Cindy Johansson, a small, athletic-looking woman, spent one day last week carrying copper pipe and other heavy metal objects in finger-numbing cold. The 115-pound Silver Spring woman, who stands just over 5 feet tall, staggered under the weight of 50-pound cast iron fittings.
It was a typical day for Johansson, a 27-year-old graduate of George Washington University who abandoned her ambition to become a psychologist or scientist, turning in frustration to the lure of more opportunity and higher pay in construction.
She is a pioneer in the field of construction plumbing -- one of six women recruited as first-year apprentices in a Landover program run by the Washington D.C. Joint Plumbing Apprentice Committee.
The six women vary in physique and background. Among them are former clerical workers, a college-educated would-be teacher and a 30-year-old woman who gave up a job as a truck driver in Pennsylvania when she married a Fairfax man.
Johansson left a $3.25-an-hour job growing plants in a nursery to make $4.31 an hour as a beginning apprentice plumber. Union wage for a journeyman after four years apprenticeship is now $12.22, and Johannson expects to see that figure top $15 by the time she finishes the program.
Raised in a neat suburban home -- the daughter of a housewife and an engineer on Long Island, N.Y. -- Johansson said, "I accepted the myth that, if you went to college, you have a better job. You were guaranteed success.
"It's hard for me to accept that here I am, a blue-collar worker. A plumber. It's not something people brag about but it's what I'm doing. I enjoy the work and I'm making money."
Each morning Johansson rises at 5 to be at work by 7. Apprenticeship classes cap off her work day two nights a week.
"It really cuts into your social life," she said.
The classes meet in a Landover building where the walls and doors are plastered with posters touting the supposed success of efforts to bring women into the construction trades.
"Over 2,400 Women Helped Build the Alaska Pipeline," proclaims one poster. "Apprenticeship for Women is Working."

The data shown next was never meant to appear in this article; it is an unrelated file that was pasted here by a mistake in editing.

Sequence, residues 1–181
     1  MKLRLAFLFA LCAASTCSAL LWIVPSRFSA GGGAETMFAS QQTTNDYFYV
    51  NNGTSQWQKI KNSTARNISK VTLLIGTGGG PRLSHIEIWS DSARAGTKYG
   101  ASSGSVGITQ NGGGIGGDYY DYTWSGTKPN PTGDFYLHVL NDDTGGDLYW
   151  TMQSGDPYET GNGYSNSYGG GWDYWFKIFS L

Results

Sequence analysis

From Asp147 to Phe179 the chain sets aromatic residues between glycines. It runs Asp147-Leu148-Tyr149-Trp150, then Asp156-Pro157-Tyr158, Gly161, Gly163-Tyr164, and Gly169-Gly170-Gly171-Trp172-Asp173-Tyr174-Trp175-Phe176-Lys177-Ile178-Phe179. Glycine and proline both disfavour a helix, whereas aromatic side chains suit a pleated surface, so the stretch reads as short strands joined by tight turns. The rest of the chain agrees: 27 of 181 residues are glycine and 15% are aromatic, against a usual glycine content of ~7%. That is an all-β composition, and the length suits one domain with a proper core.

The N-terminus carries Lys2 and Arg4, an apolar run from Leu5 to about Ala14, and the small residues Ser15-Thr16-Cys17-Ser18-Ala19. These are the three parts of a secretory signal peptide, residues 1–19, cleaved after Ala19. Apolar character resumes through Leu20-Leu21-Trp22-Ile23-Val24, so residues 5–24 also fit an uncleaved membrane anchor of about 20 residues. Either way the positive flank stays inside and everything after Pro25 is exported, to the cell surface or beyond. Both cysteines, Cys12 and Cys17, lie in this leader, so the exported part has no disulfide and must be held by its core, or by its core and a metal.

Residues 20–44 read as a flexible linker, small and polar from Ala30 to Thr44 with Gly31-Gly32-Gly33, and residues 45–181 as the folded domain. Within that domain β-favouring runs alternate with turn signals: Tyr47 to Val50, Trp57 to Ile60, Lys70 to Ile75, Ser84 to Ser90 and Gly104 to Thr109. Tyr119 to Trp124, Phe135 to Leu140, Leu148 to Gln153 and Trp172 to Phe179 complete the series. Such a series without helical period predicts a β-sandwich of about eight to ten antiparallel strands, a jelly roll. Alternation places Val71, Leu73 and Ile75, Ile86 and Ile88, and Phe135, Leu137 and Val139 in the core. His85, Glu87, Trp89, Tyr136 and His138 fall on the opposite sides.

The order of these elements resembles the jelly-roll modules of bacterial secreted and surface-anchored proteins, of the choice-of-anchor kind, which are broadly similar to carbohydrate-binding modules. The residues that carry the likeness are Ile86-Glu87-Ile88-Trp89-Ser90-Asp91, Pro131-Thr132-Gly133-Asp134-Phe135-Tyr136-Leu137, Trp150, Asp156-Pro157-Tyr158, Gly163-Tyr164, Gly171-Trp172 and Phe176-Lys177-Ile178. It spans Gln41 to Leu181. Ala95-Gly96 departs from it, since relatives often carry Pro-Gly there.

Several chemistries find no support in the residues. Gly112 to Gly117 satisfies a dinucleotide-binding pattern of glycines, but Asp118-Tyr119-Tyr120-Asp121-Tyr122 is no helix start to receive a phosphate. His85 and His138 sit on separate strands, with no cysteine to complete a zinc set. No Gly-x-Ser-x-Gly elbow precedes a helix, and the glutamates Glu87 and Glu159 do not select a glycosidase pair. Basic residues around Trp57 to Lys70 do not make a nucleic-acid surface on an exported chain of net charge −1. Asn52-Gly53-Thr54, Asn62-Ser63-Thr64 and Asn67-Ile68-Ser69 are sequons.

But it's not working at that school -- at least not by this year's government guidelines, which say 20 percent of the apprentices should be women. g
Just under 17 percent of the 36 in Johannson's first-year class are women. There are no females among the 69 members of the second, third, and fourth-year classes.
In a steamfitters apprenticeship program run at the same school, at 8509 Ardwick-Ardmore Rd., there are only five women in the first-year apprentice class of 72.
Whether the program meets the federal goal could be critical for union plumbing and steamfitting contractors who rely on it for their annual crop of new apprentice employes. Contractors can be barred from bidding on government jobs unless they meet the May 1980 quota of having 5.6 percent of their weekly payroll hours worked by women, said James Spencer, coordinator of the plumbers apprenticeship program.
Spencer said the federal goals are unrealistic and Eva Pooling, executive director of the Mechanical Contractors Association Inc., agreed.
"I don't think there's any way the guidelines can be met," Poling said. "The women who supposedly are out there are not out there -- in this area anyway."
Similar apprenticeship programs elsewhere in the United States are meeting the goals and some are exceeding them, said Don Lott, an information specialist for the Equal Employment Opportunity Commission.
The apprentice committee is accepting applications through the end of this week for new, first-year apprentices who will begin work this spring and classes next fall. So far, Poling said, recruitment efforts are drawing fewer women than they did last year.
"I don't think we'll ever reach the number the federal government may want us to reach," said Bernie Thornberg, coordinator of the steamfitters program.
Meanwhile, women who are willing to try the construction trades are in demand. For Johansson, that came as a welcome relief.
All 12 of the women who applied last year for the steamfitters program were accepted, although only six finally agreed to enroll in the program. One of the six later dropped out.
The plumbing program accepted eight of nine women applicants and wound up with six.
Women shy away from the field, Poling said, adding "I really feel not all women want to do this, the same as not all men do."
"It takes somebody who likes the outdoors, who likes hard work," Spencer said. "Somebody who likes to stand back at the end of the day and say, 'Gee, I constructed this.'"
"The ones who will try do very well," said Jack Morgal, a teacher in the apprentice program. "Sometimes they do better than the . . . well, I'd better not say that."
Reaction from male coworkers is mixed.
"You always get a few that have a smart remark," said Alma Long, 30, of Fairfax. A stout woman in jeans, a ragged windbreaker and a red cap, she said, "It's mostly good, I guess I fit in with the guys."
"I don't mind it as long as they carry their own load," said Ron Griffin, 20, of Alexandria, a first-year apprentice who is following his father into the plumbing trade.
Griffin's tone was resentful. "Most of the girls in the apprentice class now are smaller, and if there's any heavy pipe, the fellows will carry it. I just think they ought to work as hard. The small men don't get privileges."
"Once you settle in and show that you're going to give it all you can, they don't hassle you," said apprentice Shirley Woodall, 27, of Adelphi.
"I could lift as much as any guy my size," Johansson said. "I'm working at it. Put it this way: I'm getting stronger since I started."
"I like having the women around," Morgal said with a grin. "I get tired of looking at all those hairy legs."